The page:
Republicans framed the modest spending plan as a path to avoid their mistakes in 2010, according to a GOP budget summary shared with the Capital-Star.

That year, in his last term, Democratic Gov. Ed Rendell and the Democratic-controlled House spent all of the state’s federal stimulus money in one go. It then fell to incoming Republican Gov. Tom Corbett to either raise taxes to replace the one-time spending — or slash budgets. 

He chose the latter, and was defeated by Wolf in 2014.

“Those who don’t learn from history are doomed to repeat it,” warned the GOP summary.

The plan comes after months of closed-door negotiations between Wolf and Republican leadership.

Wolf kicked off negotiations in February by asking for an income tax hike — combined with targeted exemptions for those making under $84,000 — to fund $1.3 billion in education spending.

That would have been enough to give every school district full funding based on an updated funding formula, created in 2015, that uses modern population numbers, and weights spending based on the local poverty level.

The big ask from the self-styled “Education Governor” came as Pennsylvania's revenue projections were gloomy, and the state appeared to be facing a multi-billion dollar budget deficit. Still, Republicans were skeptical of any tax hike.

However, the federal stimulus plan passed by the Democratic Congress, and signed by President Joe Biden, dramatically reversed the underlying fiscal picture.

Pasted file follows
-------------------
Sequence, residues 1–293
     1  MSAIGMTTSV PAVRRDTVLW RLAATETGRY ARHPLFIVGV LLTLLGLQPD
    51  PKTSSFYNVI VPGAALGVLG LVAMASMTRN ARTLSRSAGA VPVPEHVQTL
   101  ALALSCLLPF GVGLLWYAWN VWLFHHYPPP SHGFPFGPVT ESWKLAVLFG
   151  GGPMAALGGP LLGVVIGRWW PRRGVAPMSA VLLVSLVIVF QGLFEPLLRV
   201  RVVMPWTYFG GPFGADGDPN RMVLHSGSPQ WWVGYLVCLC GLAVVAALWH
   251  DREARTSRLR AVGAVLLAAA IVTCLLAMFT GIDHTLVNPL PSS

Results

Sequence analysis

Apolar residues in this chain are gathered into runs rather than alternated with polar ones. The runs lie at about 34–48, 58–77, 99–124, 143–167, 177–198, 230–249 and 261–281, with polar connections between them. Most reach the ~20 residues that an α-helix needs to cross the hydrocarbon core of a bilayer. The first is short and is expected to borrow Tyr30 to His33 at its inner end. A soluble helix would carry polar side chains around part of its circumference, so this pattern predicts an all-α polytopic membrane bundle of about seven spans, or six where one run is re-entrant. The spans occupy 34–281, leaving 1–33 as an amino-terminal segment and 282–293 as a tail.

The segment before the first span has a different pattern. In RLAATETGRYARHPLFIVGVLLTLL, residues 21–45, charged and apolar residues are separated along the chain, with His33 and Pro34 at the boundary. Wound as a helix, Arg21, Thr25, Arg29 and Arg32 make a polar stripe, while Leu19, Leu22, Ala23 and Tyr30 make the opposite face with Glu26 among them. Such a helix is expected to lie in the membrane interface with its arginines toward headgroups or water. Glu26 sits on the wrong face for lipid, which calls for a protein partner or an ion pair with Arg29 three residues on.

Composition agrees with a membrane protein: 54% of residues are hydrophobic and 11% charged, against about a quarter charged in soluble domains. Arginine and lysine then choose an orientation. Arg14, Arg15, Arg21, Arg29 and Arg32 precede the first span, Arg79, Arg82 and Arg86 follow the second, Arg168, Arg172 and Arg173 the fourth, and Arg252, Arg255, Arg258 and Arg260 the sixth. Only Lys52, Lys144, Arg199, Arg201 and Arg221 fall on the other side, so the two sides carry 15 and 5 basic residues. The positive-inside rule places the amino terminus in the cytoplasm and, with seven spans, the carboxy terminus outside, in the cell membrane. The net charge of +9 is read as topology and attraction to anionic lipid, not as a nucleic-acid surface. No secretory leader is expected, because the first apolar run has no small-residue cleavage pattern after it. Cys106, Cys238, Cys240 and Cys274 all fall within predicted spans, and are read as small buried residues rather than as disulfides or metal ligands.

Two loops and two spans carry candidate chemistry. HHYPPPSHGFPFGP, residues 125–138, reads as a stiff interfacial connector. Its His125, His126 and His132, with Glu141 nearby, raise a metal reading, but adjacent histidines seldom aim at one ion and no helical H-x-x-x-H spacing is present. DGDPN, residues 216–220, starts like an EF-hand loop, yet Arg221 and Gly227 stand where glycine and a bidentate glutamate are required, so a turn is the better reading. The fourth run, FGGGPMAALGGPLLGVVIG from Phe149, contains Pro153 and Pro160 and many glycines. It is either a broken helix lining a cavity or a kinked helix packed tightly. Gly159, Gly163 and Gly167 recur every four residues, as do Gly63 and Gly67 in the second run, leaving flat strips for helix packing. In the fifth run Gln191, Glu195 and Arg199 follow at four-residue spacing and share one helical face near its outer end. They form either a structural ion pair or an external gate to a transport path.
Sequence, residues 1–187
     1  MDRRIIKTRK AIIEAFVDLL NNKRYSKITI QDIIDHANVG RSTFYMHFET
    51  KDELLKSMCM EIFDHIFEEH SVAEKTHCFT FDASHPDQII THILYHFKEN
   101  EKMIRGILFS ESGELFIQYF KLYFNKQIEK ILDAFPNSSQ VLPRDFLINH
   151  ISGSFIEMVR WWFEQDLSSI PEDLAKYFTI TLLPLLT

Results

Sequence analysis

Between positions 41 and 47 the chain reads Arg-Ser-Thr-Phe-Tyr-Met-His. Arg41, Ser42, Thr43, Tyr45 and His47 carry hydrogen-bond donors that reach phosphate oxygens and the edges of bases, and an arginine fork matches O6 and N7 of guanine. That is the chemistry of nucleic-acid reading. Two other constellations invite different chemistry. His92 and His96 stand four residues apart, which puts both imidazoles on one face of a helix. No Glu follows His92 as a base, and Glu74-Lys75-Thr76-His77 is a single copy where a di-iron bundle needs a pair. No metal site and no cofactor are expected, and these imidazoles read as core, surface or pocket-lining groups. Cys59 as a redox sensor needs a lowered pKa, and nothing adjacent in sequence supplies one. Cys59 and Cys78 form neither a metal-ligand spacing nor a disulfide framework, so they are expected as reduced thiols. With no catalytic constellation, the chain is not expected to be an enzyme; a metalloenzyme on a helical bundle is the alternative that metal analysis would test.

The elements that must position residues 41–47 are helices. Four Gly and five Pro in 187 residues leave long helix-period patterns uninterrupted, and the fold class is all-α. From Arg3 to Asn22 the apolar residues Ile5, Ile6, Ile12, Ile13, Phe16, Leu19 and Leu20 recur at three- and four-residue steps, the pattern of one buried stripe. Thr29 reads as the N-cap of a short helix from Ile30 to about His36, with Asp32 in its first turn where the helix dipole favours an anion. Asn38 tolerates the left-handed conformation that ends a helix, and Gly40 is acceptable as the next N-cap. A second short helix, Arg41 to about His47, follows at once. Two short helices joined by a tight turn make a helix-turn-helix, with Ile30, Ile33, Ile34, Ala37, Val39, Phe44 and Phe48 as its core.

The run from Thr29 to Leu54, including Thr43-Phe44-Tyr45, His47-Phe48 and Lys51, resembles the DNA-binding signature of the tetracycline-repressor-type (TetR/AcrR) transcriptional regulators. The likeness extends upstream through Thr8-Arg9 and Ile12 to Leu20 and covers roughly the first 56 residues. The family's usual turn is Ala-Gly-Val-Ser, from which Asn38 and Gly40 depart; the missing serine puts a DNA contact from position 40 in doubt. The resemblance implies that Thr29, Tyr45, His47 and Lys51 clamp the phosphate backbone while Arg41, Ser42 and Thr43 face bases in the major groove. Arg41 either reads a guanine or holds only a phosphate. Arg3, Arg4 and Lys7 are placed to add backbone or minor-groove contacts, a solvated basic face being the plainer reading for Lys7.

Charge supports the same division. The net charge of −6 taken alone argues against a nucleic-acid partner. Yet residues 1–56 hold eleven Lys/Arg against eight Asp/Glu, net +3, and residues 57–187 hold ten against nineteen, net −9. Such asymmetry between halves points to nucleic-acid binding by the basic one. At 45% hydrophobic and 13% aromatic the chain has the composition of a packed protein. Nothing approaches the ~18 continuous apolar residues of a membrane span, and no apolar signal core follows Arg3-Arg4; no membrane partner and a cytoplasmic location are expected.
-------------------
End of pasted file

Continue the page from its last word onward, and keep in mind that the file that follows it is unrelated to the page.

Instead of a gap between expenses and revenues, Pennsylvania ended up with $7.3 billion in federal stimulus money that it could use on everything from new social programs and infrastructure spending to replacing state revenue. 

And in the end, buoyed by higher than expected tax revenues, Pennsylvania’s coffers ended up with a surplus of more than $2.3 billion. All told, lawmakers had a bit more than $10 billion in additional revenue to spend this year.

Legislative Democrats, in the minority, offered a broad spending plan for using the money. The details varied by chamber, but broadly, Democrats suggested using the federal stimulus dollars on everything from stormwater and road infrastructure to education to gun violence mitigation.

Those plans did not materialize in the budget.

“I think this budget isn’t exactly what we were hoping for, but it’s not as terrible as it could be at the same time,” state Rep. Ryan Bizzarro, of Erie, the House Democratic Policy Committee chairperson, told the Capital-Star.

The deadline to pass the budget is midnight on June 30, and a vote is likely to occur later in the day on Friday.

You can read the full budget document below:

Pennsylvania Fiscal 2021-22 State Budget by jmicek on Scribd

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Stephen Caruso
Stephen Caruso

Stephen Caruso is a former senior reporter with Pennsylvania Capital-Star. Before working with the Capital-Star he covered Pennsylvania state government for The PLS Reporter.

Marley Parish

Marley Parish covered the Senate for the Capital-Star.

Shaniece Holmes-Brown
Shaniece Holmes-Brown

Shaniece Brown is an alumna of Lincoln University of Pennsylvania, with two Bachelor's degrees in Mass Communications and English. A native of York, Pa., she is the eldest of three children, the first in her family to go to college, and is pursuing a career as a journalist. Readers may follow her on Twitter @Spoken_Renee98.